The first time I met Nicolas Potel, I was legitimately concerned that his hair would burst into flame at some point during the day we spent together. I was visiting Burgundy in early 2009 to write a story on the négociant, and I found a man busting at the seams with energy, trying to grow his eponymous winery—which had gotten an infusion of capital from new owners—and devote some time to a few small but ambitious side projects.
I came away feeling like Potel, then 40, was going to be a success, if he could hold it all together. But two months after I left, his juggling act came crashing down. The new owners of Maison Nicolas Potel fired Nicolas Potel. (The wines still bear his name today, but he has no role in them.) When I checked in with him before my story appeared, he was putting the pieces back together, launching a new négociant and looking for vineyards to start a small domaine. His energy was still there. But I wondered if it was all too much.
Today, Potel remains full of energy, ambition and ideas. But he also seems more at peace. I returned to Burgundy this past week, and I called on him at his headquarters, a centuries-old property just outside Beaune's city walls. When I last visited the place, it was an empty shell with crumbling ceilings. Today it's an active winery, though it's still a construction site—Potel is building himself an apartment upstairs. When I walked into the tasting room, he was standing there smiling, still with reddish brown hair, a boyish face and sparkling eyes that flit back and forth between innocent excitement and playful mischievousness.
"Things are so good today," Potel told me, and looking at the table, it was easy to see why. Four dozen bottles of wines stood there as a few importers tasted and took notes. With the help of some friends, Potel did launch his twin projects—Domaine de Bellene (an estate of vineyards in several appellations) and Maison Roche de Bellene (a négociant). He is making high-quality wines with consistency, receiving outstanding and classic scores from my colleague Bruce Sanderson. My overall impression of the 23 wines from 2012 that I tasted was that Potel and his winemaker, Sylvain Debord, have found a nice balance between vibrance and power, with a healthy dose of terroir.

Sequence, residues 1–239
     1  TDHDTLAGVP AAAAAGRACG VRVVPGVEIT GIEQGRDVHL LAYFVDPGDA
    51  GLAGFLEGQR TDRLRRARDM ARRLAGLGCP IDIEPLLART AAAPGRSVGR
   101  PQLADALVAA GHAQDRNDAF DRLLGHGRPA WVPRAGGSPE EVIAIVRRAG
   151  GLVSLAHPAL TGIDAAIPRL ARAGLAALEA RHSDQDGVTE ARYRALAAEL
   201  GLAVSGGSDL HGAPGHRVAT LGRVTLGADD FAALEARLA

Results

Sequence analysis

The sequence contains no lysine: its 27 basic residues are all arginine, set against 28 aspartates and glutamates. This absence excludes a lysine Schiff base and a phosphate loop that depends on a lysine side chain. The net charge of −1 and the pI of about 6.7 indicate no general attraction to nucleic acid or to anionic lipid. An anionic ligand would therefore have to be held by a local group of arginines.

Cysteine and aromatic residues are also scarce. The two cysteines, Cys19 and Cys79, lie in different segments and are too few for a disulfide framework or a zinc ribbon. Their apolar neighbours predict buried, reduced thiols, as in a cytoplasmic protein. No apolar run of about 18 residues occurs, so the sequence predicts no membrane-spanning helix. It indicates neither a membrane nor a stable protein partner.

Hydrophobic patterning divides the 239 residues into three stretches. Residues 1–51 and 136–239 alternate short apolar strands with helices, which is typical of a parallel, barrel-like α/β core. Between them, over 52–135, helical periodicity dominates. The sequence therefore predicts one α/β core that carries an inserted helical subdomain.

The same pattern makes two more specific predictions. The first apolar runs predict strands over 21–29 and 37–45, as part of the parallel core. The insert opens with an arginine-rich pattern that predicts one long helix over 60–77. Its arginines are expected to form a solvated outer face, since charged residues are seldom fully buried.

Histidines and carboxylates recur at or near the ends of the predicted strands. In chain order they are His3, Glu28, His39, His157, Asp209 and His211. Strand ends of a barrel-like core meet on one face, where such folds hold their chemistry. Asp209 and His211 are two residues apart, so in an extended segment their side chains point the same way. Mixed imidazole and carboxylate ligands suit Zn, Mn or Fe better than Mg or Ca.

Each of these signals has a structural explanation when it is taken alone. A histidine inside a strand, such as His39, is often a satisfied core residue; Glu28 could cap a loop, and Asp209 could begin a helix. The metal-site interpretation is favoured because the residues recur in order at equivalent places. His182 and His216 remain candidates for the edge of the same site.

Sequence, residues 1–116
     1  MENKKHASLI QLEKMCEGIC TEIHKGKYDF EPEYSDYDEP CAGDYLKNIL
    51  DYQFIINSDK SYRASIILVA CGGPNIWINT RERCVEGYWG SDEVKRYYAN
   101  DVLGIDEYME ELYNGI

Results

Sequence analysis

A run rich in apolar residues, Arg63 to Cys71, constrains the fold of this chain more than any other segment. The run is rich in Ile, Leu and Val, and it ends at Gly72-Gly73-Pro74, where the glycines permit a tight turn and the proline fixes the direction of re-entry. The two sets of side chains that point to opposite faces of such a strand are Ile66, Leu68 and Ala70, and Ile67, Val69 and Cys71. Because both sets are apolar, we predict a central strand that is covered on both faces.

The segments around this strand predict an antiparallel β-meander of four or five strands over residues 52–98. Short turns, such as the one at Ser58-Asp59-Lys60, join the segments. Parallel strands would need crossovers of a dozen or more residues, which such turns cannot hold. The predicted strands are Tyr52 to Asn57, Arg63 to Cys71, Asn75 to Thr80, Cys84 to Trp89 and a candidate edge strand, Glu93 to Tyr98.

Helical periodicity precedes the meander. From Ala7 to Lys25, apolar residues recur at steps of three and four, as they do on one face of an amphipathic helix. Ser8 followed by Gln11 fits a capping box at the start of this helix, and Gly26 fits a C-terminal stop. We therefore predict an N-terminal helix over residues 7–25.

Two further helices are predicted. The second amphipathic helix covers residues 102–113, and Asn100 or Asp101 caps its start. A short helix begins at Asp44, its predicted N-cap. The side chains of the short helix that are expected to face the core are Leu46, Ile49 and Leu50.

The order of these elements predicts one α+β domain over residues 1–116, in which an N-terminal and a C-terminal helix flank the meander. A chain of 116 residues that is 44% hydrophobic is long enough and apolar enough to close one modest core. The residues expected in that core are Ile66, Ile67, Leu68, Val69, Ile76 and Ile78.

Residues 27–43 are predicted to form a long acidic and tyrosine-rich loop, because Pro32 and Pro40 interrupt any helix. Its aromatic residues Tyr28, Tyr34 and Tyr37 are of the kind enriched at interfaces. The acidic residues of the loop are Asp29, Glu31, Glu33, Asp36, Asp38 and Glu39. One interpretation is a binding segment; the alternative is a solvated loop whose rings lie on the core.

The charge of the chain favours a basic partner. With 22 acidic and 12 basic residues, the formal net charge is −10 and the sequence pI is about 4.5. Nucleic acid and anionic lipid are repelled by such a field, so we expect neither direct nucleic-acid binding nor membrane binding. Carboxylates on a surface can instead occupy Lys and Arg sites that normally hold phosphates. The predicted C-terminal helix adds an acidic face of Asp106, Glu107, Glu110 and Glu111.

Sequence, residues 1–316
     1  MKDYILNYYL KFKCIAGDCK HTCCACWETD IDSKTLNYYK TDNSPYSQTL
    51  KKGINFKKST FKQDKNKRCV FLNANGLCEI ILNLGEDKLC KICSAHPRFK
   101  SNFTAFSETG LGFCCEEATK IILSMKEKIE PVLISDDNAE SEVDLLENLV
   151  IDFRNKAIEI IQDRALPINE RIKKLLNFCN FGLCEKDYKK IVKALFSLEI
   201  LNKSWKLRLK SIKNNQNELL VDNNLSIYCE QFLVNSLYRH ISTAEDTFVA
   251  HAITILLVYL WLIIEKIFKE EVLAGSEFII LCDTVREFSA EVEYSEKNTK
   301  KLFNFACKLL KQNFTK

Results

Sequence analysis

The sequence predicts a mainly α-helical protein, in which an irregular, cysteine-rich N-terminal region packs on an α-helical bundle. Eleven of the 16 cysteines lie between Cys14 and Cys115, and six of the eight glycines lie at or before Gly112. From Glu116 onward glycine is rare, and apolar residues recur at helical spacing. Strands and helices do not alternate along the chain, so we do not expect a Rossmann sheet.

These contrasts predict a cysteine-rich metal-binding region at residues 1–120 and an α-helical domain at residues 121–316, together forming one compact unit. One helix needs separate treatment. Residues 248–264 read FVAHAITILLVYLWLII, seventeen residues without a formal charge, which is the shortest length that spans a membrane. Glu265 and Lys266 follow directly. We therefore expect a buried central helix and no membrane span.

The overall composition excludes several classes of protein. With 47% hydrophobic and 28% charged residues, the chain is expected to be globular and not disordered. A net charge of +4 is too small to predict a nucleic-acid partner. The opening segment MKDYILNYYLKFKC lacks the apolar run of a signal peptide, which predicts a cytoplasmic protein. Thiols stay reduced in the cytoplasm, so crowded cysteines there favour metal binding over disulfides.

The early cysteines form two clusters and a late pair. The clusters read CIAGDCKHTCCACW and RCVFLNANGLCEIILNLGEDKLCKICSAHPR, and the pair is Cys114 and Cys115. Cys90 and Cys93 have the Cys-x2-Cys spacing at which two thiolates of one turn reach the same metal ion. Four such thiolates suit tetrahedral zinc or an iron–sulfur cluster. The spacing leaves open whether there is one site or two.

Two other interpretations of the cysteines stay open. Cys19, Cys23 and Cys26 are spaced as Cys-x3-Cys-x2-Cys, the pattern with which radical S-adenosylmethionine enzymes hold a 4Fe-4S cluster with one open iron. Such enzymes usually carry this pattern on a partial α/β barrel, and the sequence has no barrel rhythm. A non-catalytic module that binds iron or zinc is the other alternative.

After the tasting, Potel, his Japanese export manager Seji Kitazawa and I grabbed dinner at local institution Ma Cuisine and discussed how he had started over. He believes it helps that it's not the first time he's had to pick himself up.
Potel grew up at the Volnay domaine Pousse d'Or, where his father, Gérard, had worked since 1964. Gérard was a true Burgundy great. Christophe Roumier told me last week that while he and other winemakers from his generation are known for revitalizing Burgundy, raising quality in the 1990s, a few iconoclasts like Gérard Potel and Jacques Seysses of Domaine Dujac were the heroes. At a time when Burgundy was producing large volumes of mediocre wine, Gérard Potel was experimenting with new techniques to improve ripeness and concentration. Those experiments gave Roumier, Dominique Lafon and others a foundation.
Nicolas trained abroad and returned home in 1996, hoping to build a négociant business with his father, since the Potels did not own Pousse d'Or. But in 1997, Gérard died at age 61 of a heart attack, and Nicolas and his mother had to leave Pousse d'Or. That was the start of Maison Nicolas Potel, a micro-négociant. Men his father had taught—Roumier, Lafon and Jean-Marc Boillot—sold him grapes to give him a start. Potel began sourcing grapes from good parcels, often working with the growers to improve quality. By 2002, he was making 120 wines from 50 different appellations.
But Potel's ambition overextended him. The post-9/11 recession and a family illness left him cash-strapped. So he sold ownership to the Cottin brothers, owners of large négociant Labouré-Roi. They kept him on for the first few years. But by the time I came to town, there were obvious tensions. When the Cottins fired Potel, they claimed his side projects were competing with Maison Potel. Nicolas says it was obvious from the start they did not share his idea of small quantities of many wines. The reality is, it was a bad marriage.
On my trips to Burgundy, I have been struck by the camaraderie of its winemakers. Sometimes they gossip a bit, but for the most part they stick together. Relationships matter. Potel's success is proof of it. First his father's acolytes helped him. Then, when he lost all he had built, he picked himself up by reaching out to fellow winemakers and growers. Those growers sell him fruit today because they know he will make good wine with it. But they also know that he is a good man, a persistent man.